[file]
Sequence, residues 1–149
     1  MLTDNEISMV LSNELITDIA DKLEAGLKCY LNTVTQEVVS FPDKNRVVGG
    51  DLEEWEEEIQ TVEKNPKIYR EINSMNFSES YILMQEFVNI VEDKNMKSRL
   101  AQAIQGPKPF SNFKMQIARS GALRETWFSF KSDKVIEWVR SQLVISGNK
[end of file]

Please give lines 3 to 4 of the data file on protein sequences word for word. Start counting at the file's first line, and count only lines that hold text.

    51  DLEEWEEEIQ TVEKNPKIYR EINSMNFSES YILMQEFVNI VEDKNMKSRL
   101  AQAIQGPKPF SNFKMQIARS GALRETWFSF KSDKVIEWVR SQLVISGNK